Taliban fighters are feeling angry and betrayed Wednesday after discovering that Afghan National Army helicopters abandoned at Kabul’s airport have been rendered inoperable by departing U.S. troops, according to a report.
An Al Jazeera reporter who toured a hangar on the military side of the airport said in a video that the terrorist group “expected the Americans to leave helicopters like this in one piece for their use.”
“When I said to them, ‘why do you think that the Americans would have left everything operational for you’? They said because we believe it is a national asset and we are the government now and this could have come to great use for us,” she continued.
A U.S. Department of Defense spokesperson told Fox News on Wednesday that “we disabled/demilitarized that equipment at Hamid Karzai International Airport prior to our departure.”
Meanwhile, the Taliban are hoping to get the commercial side of the airport reopened for flights in the coming days, Al Jazeera reports.
The flight carrying the last American soldier departed Afghanistan on Monday afternoon, marking an end to a nearly 20-year U.S. military presence inside the country.
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“There’s a lot of heartbreak associated with this departure,” CENTCOM Commander Gen. Kenneth McKenzie said of the closing down of evacuation operations. He acknowledged, “We did not get everybody out that we wanted to get out.”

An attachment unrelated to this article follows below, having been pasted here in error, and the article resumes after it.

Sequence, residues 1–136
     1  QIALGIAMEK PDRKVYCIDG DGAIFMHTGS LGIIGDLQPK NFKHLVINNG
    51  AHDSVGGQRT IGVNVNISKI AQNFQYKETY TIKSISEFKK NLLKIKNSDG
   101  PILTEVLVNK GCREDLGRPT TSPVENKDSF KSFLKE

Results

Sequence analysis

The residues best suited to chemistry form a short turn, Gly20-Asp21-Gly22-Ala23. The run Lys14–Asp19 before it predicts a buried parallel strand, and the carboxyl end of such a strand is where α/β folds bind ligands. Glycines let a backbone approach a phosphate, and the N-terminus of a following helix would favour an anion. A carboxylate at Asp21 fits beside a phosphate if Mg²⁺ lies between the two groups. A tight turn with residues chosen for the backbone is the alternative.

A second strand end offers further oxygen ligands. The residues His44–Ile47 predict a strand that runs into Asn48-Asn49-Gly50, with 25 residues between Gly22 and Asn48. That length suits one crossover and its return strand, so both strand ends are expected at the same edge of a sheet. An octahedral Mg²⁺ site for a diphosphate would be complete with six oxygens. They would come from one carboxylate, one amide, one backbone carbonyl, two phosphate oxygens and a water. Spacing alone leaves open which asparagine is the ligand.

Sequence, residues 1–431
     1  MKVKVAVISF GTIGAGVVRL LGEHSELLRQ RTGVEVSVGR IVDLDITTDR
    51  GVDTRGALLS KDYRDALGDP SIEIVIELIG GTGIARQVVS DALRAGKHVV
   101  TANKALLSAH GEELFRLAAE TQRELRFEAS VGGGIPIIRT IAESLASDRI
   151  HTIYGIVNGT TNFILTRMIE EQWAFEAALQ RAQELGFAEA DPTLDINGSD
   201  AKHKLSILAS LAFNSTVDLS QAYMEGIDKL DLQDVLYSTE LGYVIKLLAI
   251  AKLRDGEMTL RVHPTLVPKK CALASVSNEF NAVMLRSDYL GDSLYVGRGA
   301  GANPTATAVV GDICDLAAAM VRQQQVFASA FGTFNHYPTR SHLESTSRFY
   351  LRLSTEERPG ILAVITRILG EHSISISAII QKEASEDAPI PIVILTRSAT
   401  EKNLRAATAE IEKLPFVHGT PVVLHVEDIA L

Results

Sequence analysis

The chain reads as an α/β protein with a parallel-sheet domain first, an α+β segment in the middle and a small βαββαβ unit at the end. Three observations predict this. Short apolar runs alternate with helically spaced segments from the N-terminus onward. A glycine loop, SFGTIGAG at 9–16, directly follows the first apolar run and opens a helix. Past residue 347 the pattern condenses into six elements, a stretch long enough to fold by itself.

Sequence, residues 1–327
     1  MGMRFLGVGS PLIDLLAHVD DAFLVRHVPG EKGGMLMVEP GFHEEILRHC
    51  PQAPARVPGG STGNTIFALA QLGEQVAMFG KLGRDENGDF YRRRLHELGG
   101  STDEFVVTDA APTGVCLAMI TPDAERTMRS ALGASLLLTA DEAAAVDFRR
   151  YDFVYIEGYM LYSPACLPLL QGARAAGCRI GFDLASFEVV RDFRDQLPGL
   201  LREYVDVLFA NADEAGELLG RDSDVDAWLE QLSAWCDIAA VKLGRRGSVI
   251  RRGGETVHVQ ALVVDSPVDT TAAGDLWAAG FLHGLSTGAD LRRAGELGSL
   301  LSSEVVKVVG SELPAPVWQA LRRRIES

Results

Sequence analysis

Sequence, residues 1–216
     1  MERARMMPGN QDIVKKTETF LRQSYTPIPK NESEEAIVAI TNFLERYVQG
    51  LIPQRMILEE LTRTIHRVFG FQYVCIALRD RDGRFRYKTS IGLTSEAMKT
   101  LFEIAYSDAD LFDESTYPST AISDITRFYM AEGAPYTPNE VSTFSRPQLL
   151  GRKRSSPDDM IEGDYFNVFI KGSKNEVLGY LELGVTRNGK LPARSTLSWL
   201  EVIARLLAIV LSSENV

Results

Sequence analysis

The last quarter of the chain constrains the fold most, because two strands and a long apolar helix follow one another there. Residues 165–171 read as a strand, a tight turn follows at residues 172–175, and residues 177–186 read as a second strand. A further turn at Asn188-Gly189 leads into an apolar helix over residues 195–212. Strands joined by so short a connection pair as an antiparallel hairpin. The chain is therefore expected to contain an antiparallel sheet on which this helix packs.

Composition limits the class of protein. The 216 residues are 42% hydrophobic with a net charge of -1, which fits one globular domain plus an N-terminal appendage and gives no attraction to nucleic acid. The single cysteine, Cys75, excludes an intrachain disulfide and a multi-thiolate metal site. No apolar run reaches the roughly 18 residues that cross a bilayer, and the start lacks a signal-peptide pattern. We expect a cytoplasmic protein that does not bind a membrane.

In addition to the people left behind in Kabul, McKenzie said the U.S. also left behind equipment such as the C-RAM (counter-artillery, artillery and mortar) system that was used to shoot down rockets, as well as dozens of armored Humvees and some aircraft.
The general added that the equipment had been disabled and in the end none of it was mission capable.
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Meanwhile, photos emerged Tuesday showing Taliban supporters in Afghanistan holding a mock funeral while hoisting coffins draped with flags from the U.S. and other NATO countries.
Reuters obtained some of the photos that were taken in Khost on Tuesday, less than a day after the last U.S. troop left the country after a nearly 20-year engagement.
The Reuters report said footage from the mock funeral was shared widely on social media.
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Taliban leaders took over control of the Kabul airport Tuesday and marked the departure of the last U.S. plane from the country by taking a symbolic walk across the airport’s sole runway, according to a report.
“The world should have learned its lesson and this is the enjoyable moment of victory,” Zabihullah Mujahid, the Taliban spokesman, said in a livestream video. He spoke to reporters at the Hamid Karzai International Airport and said Americans “could not achieve their goal through military operations,” according to Al Jazeera.
The Biden administration has insisted that the U.S. is unwavering in commitments and placed much of the blame for the crisis in Afghanistan on the country’s military and the Trump administration.
“The previous administration’s agreement said that if we stuck to the May 1st deadline that they had signed on to leave by, the Taliban wouldn’t attack any American forces,” Biden said on Tuesday. “But if we stayed all bets were off. So we were left with a simple decision: Either follow through on the commitment made by the last administration and leave Afghanistan or say we weren’t leaving and commit another tens of thousands more troops going back to war. That was the choice. The real choice between leaving or escalating.”